Community pharmacies are looked upon for their potential in disease management, which requires knowledge and skills of the dispensers in the treatment of common ailments and their understanding of patient referral. This can be achieved through effective history taking and counseling of the patients regarding their disease and drug therapy[10] . Community pharmacies refer some of the patients to the doctor and some with the remedy according to the patient replies, dispensing of prescription medication is a common practice in treating dyspepsia[11]. Majority of the population usually visit community pharmacies for the relief of post- parandial aggravation in Pakistan[12,13]. Community pharmacies are considered as a chief source of drugs but little has been reported on actual scenario at these pharm acies, especially from the perspective of case management of common ailments such as dyspepsia. However, information about the current practices for dyspepsia at these pharmacies in Pakistan must be explored. This study aims to document and compare the case management and referral practices of dyspepsia at community pharmacies in twin cities of Pakistan.


A cross sectional survey was conducted between February and April 2012. Standard visits to community pharmacies were performed in order to collect information on case management of dyspepsia such as patient history taking and provision of advice. The study was approved by District Health Officer and relevant drug inspectors. Chapter of druggist and chemist association was also informed regarding the study.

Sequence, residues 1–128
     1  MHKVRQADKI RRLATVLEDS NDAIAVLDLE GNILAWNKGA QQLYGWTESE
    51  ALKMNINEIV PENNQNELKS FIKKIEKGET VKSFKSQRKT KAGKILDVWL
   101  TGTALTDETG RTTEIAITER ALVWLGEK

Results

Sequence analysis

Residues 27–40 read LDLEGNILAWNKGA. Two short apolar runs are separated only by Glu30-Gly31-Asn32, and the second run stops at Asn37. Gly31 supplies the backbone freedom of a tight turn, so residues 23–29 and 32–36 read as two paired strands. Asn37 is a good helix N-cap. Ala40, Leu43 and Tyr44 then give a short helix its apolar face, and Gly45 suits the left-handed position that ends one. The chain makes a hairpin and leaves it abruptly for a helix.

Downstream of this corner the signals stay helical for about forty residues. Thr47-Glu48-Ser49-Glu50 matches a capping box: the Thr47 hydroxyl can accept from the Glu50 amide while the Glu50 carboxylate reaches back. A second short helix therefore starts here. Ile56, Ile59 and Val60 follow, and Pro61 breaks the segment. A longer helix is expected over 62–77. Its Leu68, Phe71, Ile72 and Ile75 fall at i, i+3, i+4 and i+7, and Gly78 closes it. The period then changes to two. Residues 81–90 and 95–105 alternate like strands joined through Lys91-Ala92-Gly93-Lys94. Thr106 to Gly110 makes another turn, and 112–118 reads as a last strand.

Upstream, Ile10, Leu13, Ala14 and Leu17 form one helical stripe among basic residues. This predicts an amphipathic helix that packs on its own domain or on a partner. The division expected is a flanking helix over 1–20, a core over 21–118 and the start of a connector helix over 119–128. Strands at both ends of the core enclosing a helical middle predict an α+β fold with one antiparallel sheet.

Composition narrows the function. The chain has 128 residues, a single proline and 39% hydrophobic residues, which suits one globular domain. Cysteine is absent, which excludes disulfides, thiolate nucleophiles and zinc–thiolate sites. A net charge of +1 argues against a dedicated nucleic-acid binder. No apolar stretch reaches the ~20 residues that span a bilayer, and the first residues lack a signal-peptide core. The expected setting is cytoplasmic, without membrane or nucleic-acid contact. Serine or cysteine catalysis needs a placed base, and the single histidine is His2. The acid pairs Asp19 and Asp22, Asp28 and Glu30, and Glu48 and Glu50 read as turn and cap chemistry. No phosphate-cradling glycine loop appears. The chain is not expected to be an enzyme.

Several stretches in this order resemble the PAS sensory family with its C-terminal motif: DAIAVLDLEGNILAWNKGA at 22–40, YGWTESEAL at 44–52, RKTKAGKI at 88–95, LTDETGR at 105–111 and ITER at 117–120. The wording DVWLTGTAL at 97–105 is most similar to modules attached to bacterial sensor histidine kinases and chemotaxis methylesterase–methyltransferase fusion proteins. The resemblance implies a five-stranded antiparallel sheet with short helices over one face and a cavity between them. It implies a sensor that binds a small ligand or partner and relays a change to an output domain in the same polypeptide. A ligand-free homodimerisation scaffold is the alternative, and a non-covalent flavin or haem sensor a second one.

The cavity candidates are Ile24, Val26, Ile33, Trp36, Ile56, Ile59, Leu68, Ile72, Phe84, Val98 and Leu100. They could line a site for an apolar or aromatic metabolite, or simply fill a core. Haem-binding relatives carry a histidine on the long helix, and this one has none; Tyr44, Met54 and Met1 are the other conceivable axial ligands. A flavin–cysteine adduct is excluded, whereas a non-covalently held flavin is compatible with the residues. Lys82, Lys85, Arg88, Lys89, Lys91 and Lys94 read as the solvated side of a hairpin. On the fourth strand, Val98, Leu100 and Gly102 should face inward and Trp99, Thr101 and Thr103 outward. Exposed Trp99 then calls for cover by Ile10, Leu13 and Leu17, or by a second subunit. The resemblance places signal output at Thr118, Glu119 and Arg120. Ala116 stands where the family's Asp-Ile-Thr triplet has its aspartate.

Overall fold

Sampling of pharmacies and respondents
The study population was all community pharmacy outlets selling allopathic medicines, or homeopathic or herbal medicines if sold alongside allopathic medicines. Any shop meeting this definition constituted the sampling unit; the sampling element included the dispenser working at these pharmacies. Simple random sampling technique was used to draw the sample of pharmacies from the list of community pharmacies obtained from respective district health offices by using lottery method. The total population of community pharmacies in Islamabad and Rawalpindi were 169 and 170 respectively. Sample size of community pharmacies in Islamabad (n= 118) and in Rawalpindi (n= 120) was calculated by using the raosoft at 95% confidence interval. Visits to request treatment advice for a patient were made to a total of 238 pharmacies.

Data collection tool
The data collection tool was adopted from the World Health Organization manual “How to investigate drug use in health facilities” and modified according to the objectives of the study[14]. Focus group discussions were carried out with clinicians, drug inspectors, pharmacists from academia and community to discuss the content of the tool. Face and content validity were built through a panel of experts including clinicians, pharmacy research experts, community pharmacists, statisticians and by pilot testing. Cronbach alpha, applied to assess the reliability and internal consistency of the data, was 0.68[15].

The observation form included 24 items covering: demographic characteristics of the pharmacies, history of the illness, history of medication use, general medical history, outcome of the visit (medication dispensed or referral to physician) and advice regarding the dose, frequency, duration, use and side effects of any medication dispensed.